An emotional manipulation which makes the target doubt their own memory, perception or judgment, gaslighting is a very real and serious form of domestic abuse – and as such has been exacerbated through the periods of lockdown, like all forms of abuse.

It has also become something of a media buzzword, so it is no surprise to see it being liberally appropriated (to avoid for once the martial imagery of ‘weaponized’) for political purpose on all our favourite fronts, from Brexit (for and against) to COVID and Trump (in liberal propaganda outlet Stylist(!), as well as The Independent, Forbes , Washington Post, to name but a few).

Gaslighting

The SmallDataForum’s fifth Xmas special was, of course, a socially responsible, zoomy affair – with the three of us in our respective WFH HQs, rather than sat around a table in our favourite Italian restaurant, Ristorante Olivelli by the Old Vic in South London, feasting on fine Italian foods and beverages, and recording to the clattering chattering sound of a busy lunchtime service (and afterwards testing Neville’s thankfully advanced audio editing skills).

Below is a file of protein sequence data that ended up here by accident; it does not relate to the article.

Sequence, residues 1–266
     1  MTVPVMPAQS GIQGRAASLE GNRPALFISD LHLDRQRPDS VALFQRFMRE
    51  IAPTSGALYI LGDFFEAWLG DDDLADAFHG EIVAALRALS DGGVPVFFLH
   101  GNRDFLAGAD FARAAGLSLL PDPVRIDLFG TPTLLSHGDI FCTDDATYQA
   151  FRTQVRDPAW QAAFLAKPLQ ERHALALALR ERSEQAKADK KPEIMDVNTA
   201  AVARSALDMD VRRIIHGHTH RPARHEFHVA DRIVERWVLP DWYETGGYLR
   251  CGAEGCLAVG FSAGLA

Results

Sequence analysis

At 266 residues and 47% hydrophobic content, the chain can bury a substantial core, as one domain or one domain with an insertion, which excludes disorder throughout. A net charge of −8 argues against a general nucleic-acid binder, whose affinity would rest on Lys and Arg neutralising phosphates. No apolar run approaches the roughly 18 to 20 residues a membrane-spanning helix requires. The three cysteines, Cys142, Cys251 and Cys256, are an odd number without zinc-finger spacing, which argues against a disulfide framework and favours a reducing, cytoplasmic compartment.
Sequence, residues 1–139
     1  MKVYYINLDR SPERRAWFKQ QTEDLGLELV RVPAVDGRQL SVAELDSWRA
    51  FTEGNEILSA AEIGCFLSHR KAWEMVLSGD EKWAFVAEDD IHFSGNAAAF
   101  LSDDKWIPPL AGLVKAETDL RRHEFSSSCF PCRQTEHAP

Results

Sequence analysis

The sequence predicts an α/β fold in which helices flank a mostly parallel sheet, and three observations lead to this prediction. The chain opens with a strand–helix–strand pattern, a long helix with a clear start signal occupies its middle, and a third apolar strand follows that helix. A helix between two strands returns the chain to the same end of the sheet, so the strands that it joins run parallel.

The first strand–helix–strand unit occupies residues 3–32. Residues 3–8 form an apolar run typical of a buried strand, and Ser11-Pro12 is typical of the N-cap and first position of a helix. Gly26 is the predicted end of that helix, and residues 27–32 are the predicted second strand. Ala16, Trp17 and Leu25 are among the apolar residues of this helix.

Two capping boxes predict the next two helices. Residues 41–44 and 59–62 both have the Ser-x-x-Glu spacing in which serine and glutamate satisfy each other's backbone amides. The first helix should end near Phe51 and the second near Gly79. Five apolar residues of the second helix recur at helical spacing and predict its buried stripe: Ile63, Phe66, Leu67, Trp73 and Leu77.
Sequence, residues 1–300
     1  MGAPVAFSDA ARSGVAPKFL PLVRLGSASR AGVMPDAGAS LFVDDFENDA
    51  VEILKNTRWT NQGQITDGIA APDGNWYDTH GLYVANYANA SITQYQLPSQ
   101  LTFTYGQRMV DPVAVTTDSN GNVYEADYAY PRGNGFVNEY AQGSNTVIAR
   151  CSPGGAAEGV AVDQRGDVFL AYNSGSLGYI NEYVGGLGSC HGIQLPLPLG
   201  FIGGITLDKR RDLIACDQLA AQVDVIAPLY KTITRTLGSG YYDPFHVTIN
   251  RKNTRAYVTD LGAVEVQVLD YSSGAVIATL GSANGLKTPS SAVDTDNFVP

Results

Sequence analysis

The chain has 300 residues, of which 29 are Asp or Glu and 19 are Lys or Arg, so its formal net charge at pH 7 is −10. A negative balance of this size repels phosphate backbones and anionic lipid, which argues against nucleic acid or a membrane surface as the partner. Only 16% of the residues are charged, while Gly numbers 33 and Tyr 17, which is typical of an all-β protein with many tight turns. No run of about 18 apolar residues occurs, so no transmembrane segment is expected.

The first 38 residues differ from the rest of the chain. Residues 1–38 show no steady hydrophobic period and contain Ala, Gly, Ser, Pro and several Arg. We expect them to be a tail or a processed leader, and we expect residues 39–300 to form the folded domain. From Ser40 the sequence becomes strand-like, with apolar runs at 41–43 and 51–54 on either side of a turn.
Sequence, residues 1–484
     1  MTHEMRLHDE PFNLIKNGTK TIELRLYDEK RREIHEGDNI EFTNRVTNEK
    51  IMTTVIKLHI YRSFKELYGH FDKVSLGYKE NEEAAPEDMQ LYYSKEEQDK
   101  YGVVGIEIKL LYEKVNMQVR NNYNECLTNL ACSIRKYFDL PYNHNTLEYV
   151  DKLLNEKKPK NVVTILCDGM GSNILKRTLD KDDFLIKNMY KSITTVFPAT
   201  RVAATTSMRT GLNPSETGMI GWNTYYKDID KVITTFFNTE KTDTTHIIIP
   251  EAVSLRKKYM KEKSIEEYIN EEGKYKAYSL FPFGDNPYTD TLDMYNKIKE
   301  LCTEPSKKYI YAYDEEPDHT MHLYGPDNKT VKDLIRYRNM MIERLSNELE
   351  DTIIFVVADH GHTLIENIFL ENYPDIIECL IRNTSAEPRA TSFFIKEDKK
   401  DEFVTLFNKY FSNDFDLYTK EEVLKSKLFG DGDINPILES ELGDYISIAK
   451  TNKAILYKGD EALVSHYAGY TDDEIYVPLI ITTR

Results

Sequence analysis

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Cummings and goings

By any reckoning, 2020 will go down as a year to be forgotten.

For the havoc and carnage wreaked by the coronavirus pandemic, right across the globe. For the most divided and divisive U.S. presidential election in living memory. And for the cocksure cockups of the giant brain of Prime Minister Johnson’s martinet, Demonic Cummings, and the confederacy of dunces lined up to steer Britain through the double-whammy of COVID-19 and Brexit.

It’s enough to make a poor podcaster cry, but when the Small Data Forum triumvirate gathered to record episode 41 on – of course – Friday 13 November, there was almost a party mood of good news in the air.

How could this be?

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Back to the Future

When Rome teetered on the brink of democratic collapse in the first century BCE, as it prepared – unknowingly – to move from a form of notional democracy to imperial rule, three men came together to save the ever-expanding city state and advance their political careers.